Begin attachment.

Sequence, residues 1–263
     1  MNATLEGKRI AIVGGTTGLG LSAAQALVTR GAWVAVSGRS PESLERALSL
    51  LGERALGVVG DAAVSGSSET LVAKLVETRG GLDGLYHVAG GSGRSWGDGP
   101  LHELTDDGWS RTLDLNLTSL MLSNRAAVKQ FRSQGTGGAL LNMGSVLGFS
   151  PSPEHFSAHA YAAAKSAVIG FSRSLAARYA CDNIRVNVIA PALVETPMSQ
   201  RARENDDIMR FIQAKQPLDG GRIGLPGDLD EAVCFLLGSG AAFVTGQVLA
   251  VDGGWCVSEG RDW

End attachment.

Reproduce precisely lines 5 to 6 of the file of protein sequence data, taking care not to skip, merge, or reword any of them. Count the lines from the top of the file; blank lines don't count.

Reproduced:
   151  PSPEHFSAHA YAAAKSAVIG FSRSLAARYA CDNIRVNVIA PALVETPMSQ
   201  RARENDDIMR FIQAKQPLDG GRIGLPGDLD EAVCFLLGSG AAFVTGQVLA